The IIHS has found that active safety features, such as forward collision alert and automatic emergency braking, have reduced specific kinds of crashes up to 50%. Other automotive technologies such as rearview cameras and blind-spot alerts have also helped to bring down the number of traffic-related deaths. However, these most recent safety features are just beginning to be implemented on large trucks.

The Center for Auto Safety wants to explore the discrepancy between the trend of fewer crash-related fatalities overall and the rise in deaths that are related to truck, pedestrian, and bicycle accidents. An area that might merit exploration is how NHTSA compiles and sorts its data as it relates to deaths involving large truck collisions.

After a review of supporting materials, the organization reclassified 329 light pickup trucks into an appropriate large truck category. Subsequently, NHTSA revised the 9% rise in reported large truck-related fatalities to 4.9%.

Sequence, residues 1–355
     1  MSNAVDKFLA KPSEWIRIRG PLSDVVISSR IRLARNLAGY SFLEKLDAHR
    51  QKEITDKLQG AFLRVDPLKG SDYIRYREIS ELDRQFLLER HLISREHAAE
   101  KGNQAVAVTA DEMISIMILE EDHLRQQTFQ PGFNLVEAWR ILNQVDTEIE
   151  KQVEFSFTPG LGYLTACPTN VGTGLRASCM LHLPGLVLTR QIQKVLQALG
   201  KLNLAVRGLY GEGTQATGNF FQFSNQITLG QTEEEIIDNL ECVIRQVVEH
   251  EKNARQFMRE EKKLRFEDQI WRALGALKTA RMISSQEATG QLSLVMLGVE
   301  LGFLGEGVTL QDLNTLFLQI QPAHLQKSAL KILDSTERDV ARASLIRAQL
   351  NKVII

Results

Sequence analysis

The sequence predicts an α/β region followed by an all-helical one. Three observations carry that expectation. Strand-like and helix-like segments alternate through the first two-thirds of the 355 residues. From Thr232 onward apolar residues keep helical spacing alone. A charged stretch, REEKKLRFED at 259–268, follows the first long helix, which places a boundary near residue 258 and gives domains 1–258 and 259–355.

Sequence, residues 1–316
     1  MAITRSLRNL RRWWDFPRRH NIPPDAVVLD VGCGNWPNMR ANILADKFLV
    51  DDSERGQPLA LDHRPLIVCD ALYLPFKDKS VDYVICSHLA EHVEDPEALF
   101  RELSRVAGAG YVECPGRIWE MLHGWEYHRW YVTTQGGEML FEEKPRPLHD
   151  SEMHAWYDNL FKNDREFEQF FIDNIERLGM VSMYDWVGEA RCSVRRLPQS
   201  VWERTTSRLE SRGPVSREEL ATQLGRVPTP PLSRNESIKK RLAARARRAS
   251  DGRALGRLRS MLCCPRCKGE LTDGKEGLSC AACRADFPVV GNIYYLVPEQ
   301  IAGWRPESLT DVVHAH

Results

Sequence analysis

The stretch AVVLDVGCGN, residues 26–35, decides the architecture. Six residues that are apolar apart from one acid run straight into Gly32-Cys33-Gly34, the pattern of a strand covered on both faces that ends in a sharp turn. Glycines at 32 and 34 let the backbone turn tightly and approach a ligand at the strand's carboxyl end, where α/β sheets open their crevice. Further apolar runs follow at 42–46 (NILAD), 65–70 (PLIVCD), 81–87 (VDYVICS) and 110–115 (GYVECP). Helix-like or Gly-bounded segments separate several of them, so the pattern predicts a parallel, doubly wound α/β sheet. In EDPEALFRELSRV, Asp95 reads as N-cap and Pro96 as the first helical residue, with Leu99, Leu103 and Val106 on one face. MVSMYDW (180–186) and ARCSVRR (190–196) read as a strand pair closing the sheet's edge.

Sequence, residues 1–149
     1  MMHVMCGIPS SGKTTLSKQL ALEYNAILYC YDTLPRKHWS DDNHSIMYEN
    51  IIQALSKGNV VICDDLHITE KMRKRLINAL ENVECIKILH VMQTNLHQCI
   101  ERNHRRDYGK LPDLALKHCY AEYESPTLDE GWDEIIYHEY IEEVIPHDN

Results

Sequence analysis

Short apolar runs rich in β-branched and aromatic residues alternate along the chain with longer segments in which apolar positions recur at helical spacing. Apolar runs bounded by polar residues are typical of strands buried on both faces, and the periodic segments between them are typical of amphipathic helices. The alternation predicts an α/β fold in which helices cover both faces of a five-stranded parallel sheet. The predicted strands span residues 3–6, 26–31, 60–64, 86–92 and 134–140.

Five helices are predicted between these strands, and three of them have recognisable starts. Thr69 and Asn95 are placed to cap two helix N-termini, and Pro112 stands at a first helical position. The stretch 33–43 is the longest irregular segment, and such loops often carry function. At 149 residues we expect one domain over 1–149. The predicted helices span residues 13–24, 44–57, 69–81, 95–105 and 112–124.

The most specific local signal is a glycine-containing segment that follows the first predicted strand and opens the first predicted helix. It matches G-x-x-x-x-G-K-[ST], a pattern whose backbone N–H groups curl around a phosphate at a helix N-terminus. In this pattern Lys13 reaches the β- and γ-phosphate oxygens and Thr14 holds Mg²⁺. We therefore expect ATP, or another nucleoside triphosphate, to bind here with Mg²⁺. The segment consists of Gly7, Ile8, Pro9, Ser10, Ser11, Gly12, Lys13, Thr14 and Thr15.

This revision also accounts for the almost 1% increase in deaths in this category in 2018. NHTSA defines large trucks as having a gross vehicle weight rating (GVWR) of greater than 10,000 pounds. The pickup trucks included in this reclassification are the Ford F-350, the Ford F-450, the Chevrolet Silverado 3500/GMC Sierra 3500, and the Ram 3500 among others.

How can the number of trucker related deaths be reduced?

The ATA was on the right track when it suggested that everyone on the road needs to take responsibility for driving safely. With the number of vehicle miles traveled increasing yearly, safe driver behavior is crucial. It’s something for all drivers to aspire to.